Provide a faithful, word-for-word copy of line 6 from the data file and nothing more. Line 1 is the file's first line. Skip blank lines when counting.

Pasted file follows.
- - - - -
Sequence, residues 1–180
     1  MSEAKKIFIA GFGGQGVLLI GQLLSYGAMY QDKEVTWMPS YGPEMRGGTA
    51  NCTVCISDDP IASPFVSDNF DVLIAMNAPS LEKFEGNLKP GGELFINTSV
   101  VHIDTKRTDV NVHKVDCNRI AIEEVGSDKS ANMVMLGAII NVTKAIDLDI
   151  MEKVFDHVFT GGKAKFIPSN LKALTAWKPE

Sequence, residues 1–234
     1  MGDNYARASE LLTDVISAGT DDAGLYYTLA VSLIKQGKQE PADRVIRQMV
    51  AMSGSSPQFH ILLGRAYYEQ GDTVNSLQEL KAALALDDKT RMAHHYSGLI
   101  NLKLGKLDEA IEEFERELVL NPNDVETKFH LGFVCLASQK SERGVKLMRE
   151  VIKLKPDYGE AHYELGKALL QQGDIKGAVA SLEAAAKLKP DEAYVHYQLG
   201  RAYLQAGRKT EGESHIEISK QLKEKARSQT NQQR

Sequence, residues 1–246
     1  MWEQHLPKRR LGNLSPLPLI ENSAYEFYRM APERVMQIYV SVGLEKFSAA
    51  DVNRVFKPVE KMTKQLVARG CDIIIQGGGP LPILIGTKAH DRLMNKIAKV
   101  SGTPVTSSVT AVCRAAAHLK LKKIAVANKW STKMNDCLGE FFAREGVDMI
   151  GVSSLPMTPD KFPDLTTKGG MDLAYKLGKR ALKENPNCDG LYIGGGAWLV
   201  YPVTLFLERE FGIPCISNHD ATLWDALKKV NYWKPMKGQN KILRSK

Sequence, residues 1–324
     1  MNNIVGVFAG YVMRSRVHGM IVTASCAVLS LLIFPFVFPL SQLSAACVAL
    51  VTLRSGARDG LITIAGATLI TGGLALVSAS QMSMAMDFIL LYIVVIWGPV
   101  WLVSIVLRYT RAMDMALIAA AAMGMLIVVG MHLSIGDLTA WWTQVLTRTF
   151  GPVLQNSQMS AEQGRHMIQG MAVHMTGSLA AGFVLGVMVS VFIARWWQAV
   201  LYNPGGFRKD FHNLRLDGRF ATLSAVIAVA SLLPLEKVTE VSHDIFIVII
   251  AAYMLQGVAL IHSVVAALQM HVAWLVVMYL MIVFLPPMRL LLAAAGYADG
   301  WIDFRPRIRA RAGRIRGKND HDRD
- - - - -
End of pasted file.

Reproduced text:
Sequence, residues 1–234